Sunday 26 January 2020

Colm O'Rourke: The best of the best, the greatest back I've seen

‘Darragh, Tomás and Marc Ó Sé all had a certain lack of conformity about them — they were never afraid to give an opinion which was different’. Pic: Eamonn Keogh
‘Darragh, Tomás and Marc Ó Sé all had a certain lack of conformity about them — they were never afraid to give an opinion which was different’. Pic: Eamonn Keogh
Colm O'Rourke

Colm O'Rourke

The greatest defender of the modern era has called time. Tomás Ó Sé was a prince of defenders; he could play rough or smooth, and he was the sort of man who you needed on a big day, because he always performed.

The same could be said of big brother Darragh: the big occasion brought the best out of him. He could be poor in a league match in March but would win the midfield battle in September. Yet these two great men were probably not the best footballers in West Kerry, or indeed in their own house. They had to share home with one of the greatest players ever to emerge from the Kingdom of Kerry.

The kid brother was the best of all. Marc Ó Sé has signed off on a glittering career where medals and honours won tell only a small part of the story. He was a back who could play anywhere, and certainly his talents were to a point hidden in at corner-back.

Tomás, like Uncle Páidí, could express himself more from wing-back. He could throw the ball out in front of him and take off, and seldom a game went by without him appearing on the score sheet. Marc was different; he drew the short straw for a decade and was always assigned the best inside forward on the opposing team. And yet even with him being fireman Sam, rushing around putting out fires, he was also able to get up in attack or provide the link from defence to the forward line.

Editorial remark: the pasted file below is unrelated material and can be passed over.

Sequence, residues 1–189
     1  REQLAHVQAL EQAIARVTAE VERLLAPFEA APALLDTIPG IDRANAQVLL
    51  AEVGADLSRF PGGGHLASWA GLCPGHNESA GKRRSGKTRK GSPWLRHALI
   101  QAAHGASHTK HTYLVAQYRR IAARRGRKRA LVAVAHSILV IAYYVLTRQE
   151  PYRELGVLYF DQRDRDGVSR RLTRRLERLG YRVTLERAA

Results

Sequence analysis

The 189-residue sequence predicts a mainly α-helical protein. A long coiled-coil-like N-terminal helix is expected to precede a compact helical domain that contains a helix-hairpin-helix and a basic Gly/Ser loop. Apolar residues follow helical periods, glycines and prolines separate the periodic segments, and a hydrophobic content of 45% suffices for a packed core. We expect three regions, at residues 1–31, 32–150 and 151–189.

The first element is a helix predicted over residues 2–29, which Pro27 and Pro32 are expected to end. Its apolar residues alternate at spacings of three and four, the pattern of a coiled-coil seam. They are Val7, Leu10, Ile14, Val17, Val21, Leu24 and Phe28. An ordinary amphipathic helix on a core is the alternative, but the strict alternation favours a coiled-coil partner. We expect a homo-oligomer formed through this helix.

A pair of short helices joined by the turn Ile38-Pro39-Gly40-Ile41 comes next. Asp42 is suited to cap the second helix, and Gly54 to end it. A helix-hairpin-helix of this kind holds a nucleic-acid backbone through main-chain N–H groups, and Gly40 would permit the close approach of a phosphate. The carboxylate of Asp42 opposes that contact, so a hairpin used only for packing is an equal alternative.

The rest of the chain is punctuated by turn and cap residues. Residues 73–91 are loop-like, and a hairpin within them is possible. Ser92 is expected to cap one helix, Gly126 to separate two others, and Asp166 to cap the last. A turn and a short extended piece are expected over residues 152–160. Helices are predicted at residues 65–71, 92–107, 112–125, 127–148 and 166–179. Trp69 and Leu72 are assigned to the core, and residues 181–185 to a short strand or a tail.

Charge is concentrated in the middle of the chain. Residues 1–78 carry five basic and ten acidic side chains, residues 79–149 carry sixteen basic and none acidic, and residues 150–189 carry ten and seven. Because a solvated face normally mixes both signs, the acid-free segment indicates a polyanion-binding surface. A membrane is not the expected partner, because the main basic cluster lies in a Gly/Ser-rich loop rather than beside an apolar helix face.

Marking the best forward day after day is a wearing process. The absolute concentration that is needed is not for most players, who like room and plenty of easy ball. Marc Ó Sé brought tight marking to a new level because he seldom seemed to be marking at all. His anticipation and speed got him there first, and when in possession he could take off on a mazy run which often led to a score at the other end.

His tussles with Bernard Brogan were a cat and mouse affair. For many years they went in favour of Ó Sé. This year in the league final the tide turned and Ó Sé had lost that edge. Perhaps in hindsight it may have been the last great tussle for both players.

Afterwards Ó Sé lost his place, and Brogan did not make the impact in this year's championship as he has had in years gone by. Age has wearied both men. Ó Sé sees no future; there is nothing in it for him sitting on the bench, while Brogan will stay on the Dublin merry-go-round. Who would want to get off when three in a row is within touching distance?

For many years I have written in this paper that Kerry were not getting the best out of Marc Ó Sé by marooning him in at corner-back. I'm quite sure every manager thought the same but decided on a needs must policy. Who else would mark the most dangerous player from Cork, Mayo or Dublin?